Taking Good Care of a Domestic Rabbit

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By Staff | Dec 8, 2014

Taking Good Care of a Domestic Rabbit

Raising your first domestic rabbit? Here are some rules and guidelines to help you provide a welcoming home for your new pet.

December 2014

By Samantha Johnson and Daniel Johnson

Looking to get a rabbit for a family pet? Samantha Johnson and Daniel Johnson have the information for raising rabbits from baby bunnies to mature, award-winning adults in How to Raise Rabbits (Voyageur Press, 2011). This excerpt, which explains basic information new rabbit owners should be aware of when adding a domestic rabbit to the family, is from Chapter 7, “Your Pet Rabbit.”

Taking Good Care of a Domestic Rabbit

It’s time to take a moment to discuss another aspect of rabbit ownership—the joy of rabbits as pets.

Rabbit breeders raise rabbits because they enjoy doing so and enjoy the rewards and benefits of their hobby. Yet many people enjoy rabbits but don’t have the desire to raise them on any scale; they choose to have rabbits as pets only.

This is where there can be a bit of confusion. People who raise rabbits for showing or breeding purposes typically have three categories of rabbits for sale: show rabbits, brood rabbits, and pet rabbits. In the majority of cases, the pet rabbits are those that did not meet the ideal criteria for some reason that prevented them from being viewed as show specimens or brood stock. They may have a disqualifying attribute, be oversized, or be mismarked. In any case, pet rabbits typically have some characteristic that prevents them from being an ideal specimen. In many cases, people who purchase rabbits as pets are more concerned with the rabbit’s disposition than they are with the rabbit’s breed type. However, not everyone who wants to own a few pet rabbits wants to own rabbits that have blatant faults. Therefore, anyone shopping for pet rabbits should clearly differentiate whether they want pet-quality rabbits or show-quality rabbits to be enjoyed as pets.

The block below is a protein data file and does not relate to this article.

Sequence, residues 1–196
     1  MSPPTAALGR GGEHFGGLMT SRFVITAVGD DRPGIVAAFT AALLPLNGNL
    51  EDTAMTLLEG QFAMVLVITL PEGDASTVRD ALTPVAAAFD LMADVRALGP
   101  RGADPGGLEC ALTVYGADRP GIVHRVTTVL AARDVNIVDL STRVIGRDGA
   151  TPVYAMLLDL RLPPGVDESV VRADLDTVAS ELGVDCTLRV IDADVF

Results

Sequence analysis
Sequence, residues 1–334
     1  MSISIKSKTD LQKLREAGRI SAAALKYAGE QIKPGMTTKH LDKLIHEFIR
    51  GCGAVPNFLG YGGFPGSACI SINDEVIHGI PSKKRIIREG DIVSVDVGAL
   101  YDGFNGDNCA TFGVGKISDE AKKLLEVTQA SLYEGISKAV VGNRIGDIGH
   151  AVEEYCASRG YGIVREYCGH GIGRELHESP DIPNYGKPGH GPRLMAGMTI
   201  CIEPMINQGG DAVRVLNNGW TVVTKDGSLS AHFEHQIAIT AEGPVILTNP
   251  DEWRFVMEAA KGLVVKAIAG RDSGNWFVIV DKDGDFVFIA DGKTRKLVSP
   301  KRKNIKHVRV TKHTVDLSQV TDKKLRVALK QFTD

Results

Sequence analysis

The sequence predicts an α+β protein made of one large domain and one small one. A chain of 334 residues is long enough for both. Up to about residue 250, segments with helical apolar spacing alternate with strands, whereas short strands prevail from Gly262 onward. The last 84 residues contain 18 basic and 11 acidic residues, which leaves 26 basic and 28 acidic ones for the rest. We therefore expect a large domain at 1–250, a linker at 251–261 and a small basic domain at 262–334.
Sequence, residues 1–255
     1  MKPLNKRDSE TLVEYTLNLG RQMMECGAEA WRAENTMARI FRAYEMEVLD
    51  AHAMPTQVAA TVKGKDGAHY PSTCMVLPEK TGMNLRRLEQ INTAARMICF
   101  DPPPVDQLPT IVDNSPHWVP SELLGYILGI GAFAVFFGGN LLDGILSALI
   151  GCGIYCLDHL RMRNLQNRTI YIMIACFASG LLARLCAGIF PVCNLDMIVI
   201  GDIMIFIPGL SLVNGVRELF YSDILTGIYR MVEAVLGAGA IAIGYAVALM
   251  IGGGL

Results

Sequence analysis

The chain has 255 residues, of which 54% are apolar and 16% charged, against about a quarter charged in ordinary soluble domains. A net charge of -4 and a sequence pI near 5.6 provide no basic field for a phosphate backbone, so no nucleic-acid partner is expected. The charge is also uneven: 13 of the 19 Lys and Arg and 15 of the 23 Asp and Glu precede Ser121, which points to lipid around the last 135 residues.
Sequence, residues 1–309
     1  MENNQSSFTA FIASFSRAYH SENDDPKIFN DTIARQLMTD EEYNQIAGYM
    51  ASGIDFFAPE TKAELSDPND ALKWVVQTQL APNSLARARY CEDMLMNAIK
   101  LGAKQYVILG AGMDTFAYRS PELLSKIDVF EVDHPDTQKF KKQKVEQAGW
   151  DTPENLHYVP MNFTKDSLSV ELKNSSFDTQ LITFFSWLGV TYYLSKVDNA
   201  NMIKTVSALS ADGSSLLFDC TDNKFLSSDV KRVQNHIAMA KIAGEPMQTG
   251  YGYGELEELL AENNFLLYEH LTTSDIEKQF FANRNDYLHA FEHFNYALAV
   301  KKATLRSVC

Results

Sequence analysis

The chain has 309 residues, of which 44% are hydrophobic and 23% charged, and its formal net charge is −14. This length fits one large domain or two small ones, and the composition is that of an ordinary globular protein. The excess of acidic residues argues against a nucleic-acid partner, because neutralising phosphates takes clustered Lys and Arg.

Rabbits make excellent pets. They have many positive attributes that make them an ideal choice for many situations when other, more “traditional” pets are not an option. Rabbits are quiet and don’t require long walks or other forms of daily exercise, they don’t eat very much, and they certainly don’t bark at the mailman. However, a pet of any type is a definite commitment, and a rabbit is no exception. Because a domestic rabbit’s life expectancy is approximately 7 to 10 years, a pet owner is committing to a long-term period of ownership and dedication, but also a long-term period of enjoyment from the pet. Rabbits are an ideal project for children who are involved with 4-H. Children are able to get acquainted with the responsibilities of owning and raising a livestock breed while gaining the benefits of working with a small animal that is easily handled and cared for.